Termite predators

From Tropical Topics newsletter, no. 64 December 2000, produced by Stella Martin from the Environmental Protection Agency. Download the PDF to read the whole issue.

Echidnas use their claws to break down termite mounds then lap up the insects with their tongues

Echidnas use their strong claws to break into termite mounds then lap up the insects with their toungues

Termite nests are an important source of food for many animals in the dry tropics. The emergence of winged termites, the potential kings and queens, from their mounds, provides a feast for a number of animals, including birds, lizards, snakes, frogs, ants and other insects . The sheer numbers of winged termites released at these times are probably necessary to ensure that some survive the hungry mouths.

Ants, pictured here, are termites worst enemy

Ants are termites’ worst enemies. However from the ants’ point of view, termites represent a major source of food, allowing the Top End savannas to support one of the richest and most abundant ant faunas in the world. They even move into termite mounds, using them as a home. The termite soldiers fight bravely against this invasion, but often lose the battle. Nevertheless, the termites are able to seal off at least part of the nest, affording their colony some protection.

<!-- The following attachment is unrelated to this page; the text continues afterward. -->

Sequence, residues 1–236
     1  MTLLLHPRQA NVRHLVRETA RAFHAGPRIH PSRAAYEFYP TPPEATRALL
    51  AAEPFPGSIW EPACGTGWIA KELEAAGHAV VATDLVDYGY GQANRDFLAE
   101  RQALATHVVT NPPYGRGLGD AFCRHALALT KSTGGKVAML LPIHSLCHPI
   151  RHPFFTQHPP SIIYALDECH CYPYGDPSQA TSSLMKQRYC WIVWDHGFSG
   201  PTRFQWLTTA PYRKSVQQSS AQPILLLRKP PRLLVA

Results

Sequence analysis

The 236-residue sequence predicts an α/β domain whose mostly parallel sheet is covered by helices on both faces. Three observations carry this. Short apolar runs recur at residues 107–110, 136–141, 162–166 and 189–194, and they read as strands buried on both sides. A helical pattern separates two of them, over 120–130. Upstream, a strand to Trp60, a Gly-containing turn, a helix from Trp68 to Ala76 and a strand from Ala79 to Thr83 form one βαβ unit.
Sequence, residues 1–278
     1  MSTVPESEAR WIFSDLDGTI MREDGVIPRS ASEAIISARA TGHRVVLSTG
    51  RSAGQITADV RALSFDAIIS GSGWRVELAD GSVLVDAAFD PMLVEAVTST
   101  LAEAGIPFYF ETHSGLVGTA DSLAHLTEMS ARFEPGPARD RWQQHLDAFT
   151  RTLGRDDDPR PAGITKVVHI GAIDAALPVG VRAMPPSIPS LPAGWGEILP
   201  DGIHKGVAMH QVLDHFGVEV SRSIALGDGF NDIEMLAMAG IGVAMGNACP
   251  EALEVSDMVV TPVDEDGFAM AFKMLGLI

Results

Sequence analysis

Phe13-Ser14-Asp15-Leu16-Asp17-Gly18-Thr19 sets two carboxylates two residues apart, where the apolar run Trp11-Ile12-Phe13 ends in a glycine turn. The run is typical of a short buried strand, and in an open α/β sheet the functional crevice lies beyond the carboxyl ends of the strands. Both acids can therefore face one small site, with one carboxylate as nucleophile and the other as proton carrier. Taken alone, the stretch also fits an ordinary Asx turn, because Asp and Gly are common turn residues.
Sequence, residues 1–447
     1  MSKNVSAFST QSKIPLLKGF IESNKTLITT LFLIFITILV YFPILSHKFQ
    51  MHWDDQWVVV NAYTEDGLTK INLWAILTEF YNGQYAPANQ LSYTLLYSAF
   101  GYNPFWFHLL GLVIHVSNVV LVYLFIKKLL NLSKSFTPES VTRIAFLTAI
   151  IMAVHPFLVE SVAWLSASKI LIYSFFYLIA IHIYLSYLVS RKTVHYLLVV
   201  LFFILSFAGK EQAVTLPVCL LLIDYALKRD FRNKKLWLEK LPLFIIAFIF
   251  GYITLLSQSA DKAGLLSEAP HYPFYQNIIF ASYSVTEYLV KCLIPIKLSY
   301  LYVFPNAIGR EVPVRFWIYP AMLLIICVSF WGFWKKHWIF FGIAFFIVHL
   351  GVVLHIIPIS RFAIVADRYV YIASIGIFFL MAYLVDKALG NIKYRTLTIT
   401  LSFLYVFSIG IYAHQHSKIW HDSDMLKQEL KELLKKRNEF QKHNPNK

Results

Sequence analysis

One species of reduvid, or assassin bug, is a termite predator. These insects are able to pierce the walls of termite tunnels with specialised elongated mouthparts and suck in their prey.

Termites form an important part of the diet of various small carnivorous marsupials like dunnarts. Numbats, which live in south-west WA, depend almost entirely on termites for food. Using their strong sense of smell to locate their food, they dig up galleries in the soil and in dead branches but are unable to break into mounds.

Frill-necked lizards feed largely on termites. Geckos, legless lizards and skinks also benefit from this abundant food source. Indeed, it is thought that termites may be largely responsible for the great diversity and abundance of lizards in arid parts of Australia.

A number of blind snakes — burrowing, worm-like snakes — are commonly found under termite mounds or below termite inhabited wood where they feast on their favourite food.

Termites are also eaten by the golden bandicoot, found in north-west WA and by bilbies. The entrances of a bilby tunnel are often found next to a termite mound.

Echidnas feed on termites as well as on ants. They use their strong claws to break into mounds and then lap up the insects with long tongues, covered with sticky saliva. These are then ground down between a horny pad at the back of the tongue and a hard palate before being swallowed.